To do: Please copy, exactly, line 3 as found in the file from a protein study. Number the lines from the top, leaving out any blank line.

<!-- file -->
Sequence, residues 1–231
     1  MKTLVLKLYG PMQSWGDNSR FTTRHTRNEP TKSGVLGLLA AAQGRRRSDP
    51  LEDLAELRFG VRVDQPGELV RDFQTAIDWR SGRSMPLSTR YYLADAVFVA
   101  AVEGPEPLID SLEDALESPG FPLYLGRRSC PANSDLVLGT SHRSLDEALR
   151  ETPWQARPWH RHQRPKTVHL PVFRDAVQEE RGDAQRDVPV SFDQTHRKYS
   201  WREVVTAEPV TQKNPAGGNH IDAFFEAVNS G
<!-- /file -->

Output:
    51  LEDLAELRFG VRVDQPGELV RDFQTAIDWR SGRSMPLSTR YYLADAVFVA